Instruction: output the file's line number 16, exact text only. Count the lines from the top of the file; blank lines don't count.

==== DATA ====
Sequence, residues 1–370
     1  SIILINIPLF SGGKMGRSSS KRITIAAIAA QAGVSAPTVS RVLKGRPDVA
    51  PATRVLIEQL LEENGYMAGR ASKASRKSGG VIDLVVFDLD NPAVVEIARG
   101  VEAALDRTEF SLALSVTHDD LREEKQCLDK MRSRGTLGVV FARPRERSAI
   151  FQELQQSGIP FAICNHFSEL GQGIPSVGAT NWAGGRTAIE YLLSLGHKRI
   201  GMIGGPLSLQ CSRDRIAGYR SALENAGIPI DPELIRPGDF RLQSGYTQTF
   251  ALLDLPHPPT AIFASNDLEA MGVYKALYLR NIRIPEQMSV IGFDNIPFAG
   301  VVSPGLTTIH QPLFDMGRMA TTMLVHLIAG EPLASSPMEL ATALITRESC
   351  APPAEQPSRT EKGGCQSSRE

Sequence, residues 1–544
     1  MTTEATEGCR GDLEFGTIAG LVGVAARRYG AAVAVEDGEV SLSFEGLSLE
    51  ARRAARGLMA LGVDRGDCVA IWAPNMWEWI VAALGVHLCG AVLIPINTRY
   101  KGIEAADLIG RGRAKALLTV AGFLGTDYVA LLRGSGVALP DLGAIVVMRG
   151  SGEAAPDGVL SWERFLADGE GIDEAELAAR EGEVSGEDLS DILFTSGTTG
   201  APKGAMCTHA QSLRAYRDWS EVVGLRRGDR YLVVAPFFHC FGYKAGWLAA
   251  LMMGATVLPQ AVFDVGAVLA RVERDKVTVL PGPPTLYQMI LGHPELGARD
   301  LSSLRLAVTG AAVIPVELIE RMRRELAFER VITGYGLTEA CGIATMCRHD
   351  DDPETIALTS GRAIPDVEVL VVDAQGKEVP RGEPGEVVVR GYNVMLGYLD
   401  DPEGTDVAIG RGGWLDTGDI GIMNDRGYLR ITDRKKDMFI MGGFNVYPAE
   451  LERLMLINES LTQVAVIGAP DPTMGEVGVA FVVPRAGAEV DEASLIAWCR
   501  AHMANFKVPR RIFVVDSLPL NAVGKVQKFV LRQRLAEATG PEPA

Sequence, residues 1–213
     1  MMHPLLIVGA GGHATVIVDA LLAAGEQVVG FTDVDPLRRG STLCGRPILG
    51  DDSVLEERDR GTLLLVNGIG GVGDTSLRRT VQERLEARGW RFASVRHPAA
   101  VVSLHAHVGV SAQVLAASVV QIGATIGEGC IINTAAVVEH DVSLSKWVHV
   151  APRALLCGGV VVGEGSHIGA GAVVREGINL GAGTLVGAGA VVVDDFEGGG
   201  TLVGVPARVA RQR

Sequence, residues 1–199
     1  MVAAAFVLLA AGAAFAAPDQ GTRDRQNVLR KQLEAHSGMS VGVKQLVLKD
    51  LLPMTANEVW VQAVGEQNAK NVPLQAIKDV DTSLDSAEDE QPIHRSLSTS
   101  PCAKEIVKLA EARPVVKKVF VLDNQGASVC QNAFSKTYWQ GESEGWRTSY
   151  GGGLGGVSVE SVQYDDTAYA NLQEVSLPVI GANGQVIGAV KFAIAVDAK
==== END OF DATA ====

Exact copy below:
   251  LMMGATVLPQ AVFDVGAVLA RVERDKVTVL PGPPTLYQMI LGHPELGARD